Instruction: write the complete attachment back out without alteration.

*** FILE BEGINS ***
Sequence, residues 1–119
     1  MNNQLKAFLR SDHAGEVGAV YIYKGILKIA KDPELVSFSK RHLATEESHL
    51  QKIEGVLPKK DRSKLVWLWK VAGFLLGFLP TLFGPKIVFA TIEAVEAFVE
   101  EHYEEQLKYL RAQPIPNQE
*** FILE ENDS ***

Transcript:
Sequence, residues 1–119
     1  MNNQLKAFLR SDHAGEVGAV YIYKGILKIA KDPELVSFSK RHLATEESHL
    51  QKIEGVLPKK DRSKLVWLWK VAGFLLGFLP TLFGPKIVFA TIEAVEAFVE
   101  EHYEEQLKYL RAQPIPNQE